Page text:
There is no such thing as bad feedback

in Project HOPE4 months ago

Giving feedback

The other day, one of my team, let's call him Bob, was on a client call and was struggling to get a concise message across. I later learnt that while Bob was speaking on the call, the client had a private group chat channel open and they were making fun of Bob as he spoke. After the meeting one of the client team sent an email with some personal, almost abusive, remarks about the way Bob communicated in the meeting.

How do you think this made Bob feel? How do you think he reacted?

The importance of giving feedback

The problem in Bob's case was well known as Bob's behaviour on the call had been seen many times before. If you were in Bob's situation, wouldn't you prefer that someone took you aside and told you about how your behaviour was making other people feel? That would allow you to change your approach and hopefully not get to the stage where people are sniggering behind your back and sending rude emails.

When difficult feedback is given in a good way, it becomes constructive and can help someone to change the behaviours that are holding them back.

There is no such thing as bad feedback, just feedback given badly.

Rules for giving difficult feedback

Use a positive approach

The first thing to do is to make sure you are in a positive state of mind. If we are feeling negative ourselves and we tell the person to whom we are giving feedback, that there is something really bad about their behaviour that we need to tell them, it is unlikely to be received well. The shutters will go up.

Our intention is to help them. So let them understand we are only telling them as we sincerely want to help and that if they address this learning, they will achieve greater results.

Use your emotional intelligence

It is natural for all of us to deny something first if it is critical of ourselves. However, to change, we must first move from denial to acceptance. When you are giving feedback, you need to concentrate on those emotional cues which will help you move them forwards. You need to ensure that they understand your sincerity in helping them and help them to see a positive route forward. Rushing feedback without consciously being aware of how they are receiving the feedback will usually go wrong. Quite often it will result in them having negative feelings towards you, and you were only trying to help.

Give feedback early

As with the situation with Bob, bad behaviours are often known for a while but no one does anything about it. This will often fester until it becomes a big problem. Perhaps even resulting in the person leaving your team or organisation.

Give feedback early so that people have time to adjust before it gets to the stage that others are talking behind their back, like in Bob's situation.

Make feedback private

No one wants to be publicly humiliated. Give difficult feedback privately and be careful who you tell. If they find out you have been speaking to others too, then they will lose respect for you.

Make feedback specific

Try not to give feedback in generalised form but rather try to give specific examples. That will help them to fully understand what you are raising and will help them move from denial to acceptance.

Give feedback limited to behaviours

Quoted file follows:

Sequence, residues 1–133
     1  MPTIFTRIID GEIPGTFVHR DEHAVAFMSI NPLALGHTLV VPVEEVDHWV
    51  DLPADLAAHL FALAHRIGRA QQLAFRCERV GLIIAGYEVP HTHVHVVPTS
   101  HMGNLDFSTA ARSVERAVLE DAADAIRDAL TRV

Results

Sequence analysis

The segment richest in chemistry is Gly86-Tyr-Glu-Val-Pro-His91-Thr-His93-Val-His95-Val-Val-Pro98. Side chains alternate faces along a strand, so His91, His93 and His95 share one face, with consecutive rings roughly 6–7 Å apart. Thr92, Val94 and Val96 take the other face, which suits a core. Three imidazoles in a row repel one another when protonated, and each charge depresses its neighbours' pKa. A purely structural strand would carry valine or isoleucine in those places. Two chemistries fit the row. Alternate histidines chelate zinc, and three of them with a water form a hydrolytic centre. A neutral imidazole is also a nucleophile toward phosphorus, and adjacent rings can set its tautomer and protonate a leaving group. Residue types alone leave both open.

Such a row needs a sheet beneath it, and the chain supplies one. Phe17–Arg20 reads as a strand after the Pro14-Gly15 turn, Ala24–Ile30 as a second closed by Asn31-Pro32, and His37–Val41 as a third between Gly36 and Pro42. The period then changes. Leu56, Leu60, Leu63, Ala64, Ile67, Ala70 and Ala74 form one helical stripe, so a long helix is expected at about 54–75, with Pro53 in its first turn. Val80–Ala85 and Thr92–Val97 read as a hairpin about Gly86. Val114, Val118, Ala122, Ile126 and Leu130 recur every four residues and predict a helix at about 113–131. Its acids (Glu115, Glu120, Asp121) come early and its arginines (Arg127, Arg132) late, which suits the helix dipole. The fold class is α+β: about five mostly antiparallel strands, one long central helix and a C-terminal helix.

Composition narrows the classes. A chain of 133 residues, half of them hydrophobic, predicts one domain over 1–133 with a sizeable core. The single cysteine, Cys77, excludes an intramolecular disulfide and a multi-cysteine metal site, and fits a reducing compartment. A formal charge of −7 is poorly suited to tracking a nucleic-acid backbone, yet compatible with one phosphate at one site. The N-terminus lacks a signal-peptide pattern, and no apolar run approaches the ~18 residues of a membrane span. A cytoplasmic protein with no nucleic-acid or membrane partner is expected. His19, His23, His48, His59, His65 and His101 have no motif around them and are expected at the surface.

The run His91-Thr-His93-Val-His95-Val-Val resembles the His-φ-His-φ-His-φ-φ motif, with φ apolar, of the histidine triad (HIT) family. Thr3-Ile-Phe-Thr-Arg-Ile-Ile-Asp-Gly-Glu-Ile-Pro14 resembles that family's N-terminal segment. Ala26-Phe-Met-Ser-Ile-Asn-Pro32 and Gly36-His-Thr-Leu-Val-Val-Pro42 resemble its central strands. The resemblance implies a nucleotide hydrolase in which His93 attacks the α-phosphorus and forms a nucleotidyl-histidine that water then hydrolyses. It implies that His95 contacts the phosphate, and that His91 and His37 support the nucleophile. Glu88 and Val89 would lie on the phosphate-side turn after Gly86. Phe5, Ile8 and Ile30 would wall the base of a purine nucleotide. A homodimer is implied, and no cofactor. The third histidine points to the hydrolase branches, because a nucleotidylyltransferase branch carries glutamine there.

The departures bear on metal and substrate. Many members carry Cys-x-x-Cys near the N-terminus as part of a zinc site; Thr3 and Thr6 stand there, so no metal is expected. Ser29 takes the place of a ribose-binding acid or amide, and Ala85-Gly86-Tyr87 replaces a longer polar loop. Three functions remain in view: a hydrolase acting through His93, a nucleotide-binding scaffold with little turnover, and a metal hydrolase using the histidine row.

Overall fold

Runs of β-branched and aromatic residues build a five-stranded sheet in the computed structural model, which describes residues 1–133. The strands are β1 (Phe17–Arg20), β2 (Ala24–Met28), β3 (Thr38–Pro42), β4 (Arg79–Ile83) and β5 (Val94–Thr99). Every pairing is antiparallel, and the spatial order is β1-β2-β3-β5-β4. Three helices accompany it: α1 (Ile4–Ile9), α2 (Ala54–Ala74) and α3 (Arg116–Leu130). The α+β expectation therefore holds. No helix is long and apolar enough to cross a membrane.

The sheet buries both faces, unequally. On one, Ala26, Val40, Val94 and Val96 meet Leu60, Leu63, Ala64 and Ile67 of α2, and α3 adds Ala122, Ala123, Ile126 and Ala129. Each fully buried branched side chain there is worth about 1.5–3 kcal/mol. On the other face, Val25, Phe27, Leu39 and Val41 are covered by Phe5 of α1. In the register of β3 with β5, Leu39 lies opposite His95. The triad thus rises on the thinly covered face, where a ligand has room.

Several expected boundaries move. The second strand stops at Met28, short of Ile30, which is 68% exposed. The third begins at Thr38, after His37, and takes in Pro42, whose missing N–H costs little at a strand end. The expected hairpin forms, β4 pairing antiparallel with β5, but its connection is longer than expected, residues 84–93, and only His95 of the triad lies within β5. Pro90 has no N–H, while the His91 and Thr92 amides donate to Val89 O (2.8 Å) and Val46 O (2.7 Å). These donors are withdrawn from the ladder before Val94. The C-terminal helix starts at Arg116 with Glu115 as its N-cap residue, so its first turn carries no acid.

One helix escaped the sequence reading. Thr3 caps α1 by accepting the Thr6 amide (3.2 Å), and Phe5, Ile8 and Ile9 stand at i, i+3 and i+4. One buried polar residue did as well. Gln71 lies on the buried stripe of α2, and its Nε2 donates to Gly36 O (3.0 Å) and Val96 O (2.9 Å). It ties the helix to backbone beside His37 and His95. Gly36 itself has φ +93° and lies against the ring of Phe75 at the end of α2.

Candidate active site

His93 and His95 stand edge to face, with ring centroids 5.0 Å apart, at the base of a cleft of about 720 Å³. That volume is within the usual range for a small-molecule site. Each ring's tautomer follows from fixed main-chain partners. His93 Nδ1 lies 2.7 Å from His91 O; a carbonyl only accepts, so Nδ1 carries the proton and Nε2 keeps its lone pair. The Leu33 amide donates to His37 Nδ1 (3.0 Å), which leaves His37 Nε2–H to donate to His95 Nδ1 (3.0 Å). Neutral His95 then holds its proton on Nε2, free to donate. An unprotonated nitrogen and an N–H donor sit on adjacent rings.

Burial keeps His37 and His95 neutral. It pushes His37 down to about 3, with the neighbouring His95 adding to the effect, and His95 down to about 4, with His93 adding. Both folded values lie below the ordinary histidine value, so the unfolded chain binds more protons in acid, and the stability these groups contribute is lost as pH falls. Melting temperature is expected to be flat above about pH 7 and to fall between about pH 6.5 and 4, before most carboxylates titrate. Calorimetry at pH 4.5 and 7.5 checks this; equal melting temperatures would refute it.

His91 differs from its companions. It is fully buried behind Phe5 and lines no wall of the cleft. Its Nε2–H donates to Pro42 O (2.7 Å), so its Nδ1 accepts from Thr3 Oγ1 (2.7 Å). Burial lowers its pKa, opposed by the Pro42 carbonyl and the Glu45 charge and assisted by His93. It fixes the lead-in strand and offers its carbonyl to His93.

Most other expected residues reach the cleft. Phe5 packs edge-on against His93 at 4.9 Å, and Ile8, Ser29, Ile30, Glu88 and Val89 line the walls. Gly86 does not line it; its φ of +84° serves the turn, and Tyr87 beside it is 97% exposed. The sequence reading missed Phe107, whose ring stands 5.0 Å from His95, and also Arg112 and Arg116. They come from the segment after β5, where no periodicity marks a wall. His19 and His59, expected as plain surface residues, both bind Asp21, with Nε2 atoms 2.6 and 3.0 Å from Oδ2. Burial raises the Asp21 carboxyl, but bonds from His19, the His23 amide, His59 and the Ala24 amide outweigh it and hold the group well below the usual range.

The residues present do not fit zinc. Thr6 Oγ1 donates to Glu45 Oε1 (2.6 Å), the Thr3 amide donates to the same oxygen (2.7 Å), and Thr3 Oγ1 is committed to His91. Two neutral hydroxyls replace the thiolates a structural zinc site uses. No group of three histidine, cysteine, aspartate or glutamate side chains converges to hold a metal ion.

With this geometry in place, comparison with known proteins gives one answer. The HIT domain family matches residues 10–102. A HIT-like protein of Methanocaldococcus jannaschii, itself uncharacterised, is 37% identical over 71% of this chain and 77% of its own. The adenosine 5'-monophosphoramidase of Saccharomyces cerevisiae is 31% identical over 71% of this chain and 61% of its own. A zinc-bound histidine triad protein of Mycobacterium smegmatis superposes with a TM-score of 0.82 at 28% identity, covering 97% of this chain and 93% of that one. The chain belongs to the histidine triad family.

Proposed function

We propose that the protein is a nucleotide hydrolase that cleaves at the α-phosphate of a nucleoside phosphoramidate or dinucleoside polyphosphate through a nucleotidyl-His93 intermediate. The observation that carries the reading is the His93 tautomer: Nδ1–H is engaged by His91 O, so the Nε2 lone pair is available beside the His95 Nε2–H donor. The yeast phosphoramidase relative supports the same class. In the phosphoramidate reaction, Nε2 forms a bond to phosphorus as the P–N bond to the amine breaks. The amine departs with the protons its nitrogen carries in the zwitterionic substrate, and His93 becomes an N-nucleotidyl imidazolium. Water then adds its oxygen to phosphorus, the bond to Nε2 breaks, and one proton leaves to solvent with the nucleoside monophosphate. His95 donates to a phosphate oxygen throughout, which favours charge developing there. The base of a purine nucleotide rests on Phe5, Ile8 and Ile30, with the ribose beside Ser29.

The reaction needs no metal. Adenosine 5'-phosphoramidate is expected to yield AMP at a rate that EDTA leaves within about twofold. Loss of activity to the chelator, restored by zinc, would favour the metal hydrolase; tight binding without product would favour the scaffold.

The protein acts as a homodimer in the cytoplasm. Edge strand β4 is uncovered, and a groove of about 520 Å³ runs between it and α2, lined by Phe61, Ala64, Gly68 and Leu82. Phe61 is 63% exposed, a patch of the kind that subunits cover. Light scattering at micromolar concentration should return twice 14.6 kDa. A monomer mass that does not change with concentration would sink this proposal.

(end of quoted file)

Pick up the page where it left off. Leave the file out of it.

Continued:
It is easy to talk about results as that is how problems often manifest. However, to develop, the person receiving the feedback needs to understand the things they can change that will deliver better results. We can only change our behaviours. If we behave in a better way we will achieve better results.

Do not make your feedback about their personality. This is a recipe for disaster. Besides, we are all different and actually, our diverse personalities are a strength. Again, make the feedback about their behaviours and don't make it personal.


Do give feedback when you believe there is a specific behaviour people can change that will allow them to produce better results. If feedback is given well, it can help the receiver. Imagine how better it would have been for Bob if someone had told him earlier rather than getting to the stage where people were talking behind his back.

There is no such thing as bad feedback, just feedback given badly.

How do you find giving difficult feedback to others?

Image source: Pexels


Feedbacks are very important but a lot of people feel bad when the undiluted truth is said to them either in private or public. It is advisable to use the word constructive criticism to tell people what they do that is wrong.

Hi @gbenga - I hope you are well my friend. Yes, we find it difficult to receive constructive feedback and quite often put barriers up, perhaps even blaming the person trying to help. As you say, making it constructive is the key. Thanks for your comment and have a good day.

Hello @awah
No matter how well things are said to someone, they will often be offended. Many times it has nothing to do with how it is said but rather how the other person assumes what is said.

hi @josevas217 - there is truth in what you are saying as I belive we all naturally go on the defensive when we here anything critical. They key is to make it part of our team or organisational culture and to make feedback routine. It is not easy to establish though. I was thinking to do a follow-up post on receiving feedback well.

Thanks for your comment.

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Have a nice day and sincerely yours,

Hello friend, you are right we must learn to say things, there will always be a better time or a better way to give advice or a call for attention. Of course, we must avoid it in public unless it is to praise someone. No one wants to be ridiculed in front of others.

Hi @franyeligonzalez - yes, we don't mind it in public when it is positive feedback. However, we will take offence and likely be really upset if difficult constructive feedback is done in public. Thanks for your comment.